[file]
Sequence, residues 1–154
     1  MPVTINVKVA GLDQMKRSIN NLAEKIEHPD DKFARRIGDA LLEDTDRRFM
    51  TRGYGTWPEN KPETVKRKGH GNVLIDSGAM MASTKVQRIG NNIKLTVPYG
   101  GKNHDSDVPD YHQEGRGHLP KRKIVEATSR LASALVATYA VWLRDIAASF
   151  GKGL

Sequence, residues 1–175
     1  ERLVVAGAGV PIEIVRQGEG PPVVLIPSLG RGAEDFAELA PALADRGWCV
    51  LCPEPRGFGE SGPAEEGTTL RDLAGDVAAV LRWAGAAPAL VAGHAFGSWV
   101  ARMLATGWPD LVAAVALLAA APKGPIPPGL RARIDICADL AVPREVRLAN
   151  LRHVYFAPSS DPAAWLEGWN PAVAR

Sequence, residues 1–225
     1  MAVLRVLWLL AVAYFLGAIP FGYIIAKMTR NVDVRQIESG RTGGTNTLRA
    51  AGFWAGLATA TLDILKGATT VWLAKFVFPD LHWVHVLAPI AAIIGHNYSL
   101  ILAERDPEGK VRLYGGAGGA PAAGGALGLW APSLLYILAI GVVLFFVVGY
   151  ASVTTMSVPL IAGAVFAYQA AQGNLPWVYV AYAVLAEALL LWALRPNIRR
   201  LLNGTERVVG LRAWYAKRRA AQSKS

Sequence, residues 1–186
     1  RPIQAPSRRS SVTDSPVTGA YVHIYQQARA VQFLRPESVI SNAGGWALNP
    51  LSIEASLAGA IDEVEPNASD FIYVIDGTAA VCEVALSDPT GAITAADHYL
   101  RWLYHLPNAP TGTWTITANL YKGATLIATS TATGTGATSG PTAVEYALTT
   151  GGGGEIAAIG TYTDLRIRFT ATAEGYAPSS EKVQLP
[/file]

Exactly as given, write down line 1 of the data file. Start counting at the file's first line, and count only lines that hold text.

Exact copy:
Sequence, residues 1–154